Band 4: Glenn and Lindsay: “Got no Pity” (Recording)

This is part of my final major project: click here to return to the main menu:

The second college band that was recorded was a 4 piece, with a slightly different set-up, consisting of drums and bass guitar, plus two vocalists, one who was female and the other who was male and played piano. They were performing an original song tentatively titled “Got no Pity” which came from a line in the song.

This song was written on the piano by the male vocalist, including the lyrics, and then was adapted for the rest of the band, as a result the singer didn’t know what tempo the song was at, plus the rest of the band relied on him to begin the song, as the piano plays a chord before the first bar which swings into the first bar they all play on.

Me and Dan decided on doing a live take without vocals, and then overdubbing the male and female singers over the top, however the male vocalist wasn’t available to finish the vocals, so he did two takes of the instrumental, and one of the choruses, leaving us during mixing to duplicate it across.


IMG_1460For piano we tried a stereo mic-ing technique we hadn’t tried before, using two AKG C518M’s which have a vice grip attachment designed for drums. We had it so they were facing opposite sides to each other, one over the thicker bass strings, and the other of the thinner higher pitched ones.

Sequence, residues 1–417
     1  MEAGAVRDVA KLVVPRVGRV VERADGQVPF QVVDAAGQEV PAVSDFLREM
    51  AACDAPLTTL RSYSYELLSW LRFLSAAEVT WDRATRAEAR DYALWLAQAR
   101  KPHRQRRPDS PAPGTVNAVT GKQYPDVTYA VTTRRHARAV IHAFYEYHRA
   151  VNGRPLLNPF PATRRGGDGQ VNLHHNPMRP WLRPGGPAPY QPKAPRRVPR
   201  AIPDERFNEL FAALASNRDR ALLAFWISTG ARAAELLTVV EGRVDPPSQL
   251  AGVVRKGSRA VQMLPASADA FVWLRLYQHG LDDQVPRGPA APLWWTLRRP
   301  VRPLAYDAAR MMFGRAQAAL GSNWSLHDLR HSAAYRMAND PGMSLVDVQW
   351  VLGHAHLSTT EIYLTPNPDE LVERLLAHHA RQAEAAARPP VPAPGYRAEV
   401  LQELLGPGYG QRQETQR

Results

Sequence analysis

Overall the C518M has a fairly neutral frequency response, making it not biased towards either the low end or high end, making a good match for the piano’s large frequency range, plus it has a role off from 1Khz bellow, so it can be placed close to the strings without being overpowered.

Its cardioids pick-up pattern is also beneficial, as it will only hear the strings in the piano, letting us close the lid more, keeping it open enough  with a book, to isolate it from the rest of the room.


Drums and Bass:

For the drums we also tried something different to our usual set up, choosing to record both the outside of the kick and the inside using a AKG D112 outside and an Audix D6 inside. By having this set up, one microphone can pick up the boom of the kick; as its only hearing the resonant head, meanwhile the other is closer to the beater head, allowing it to pick up the pedal “click” as it hits.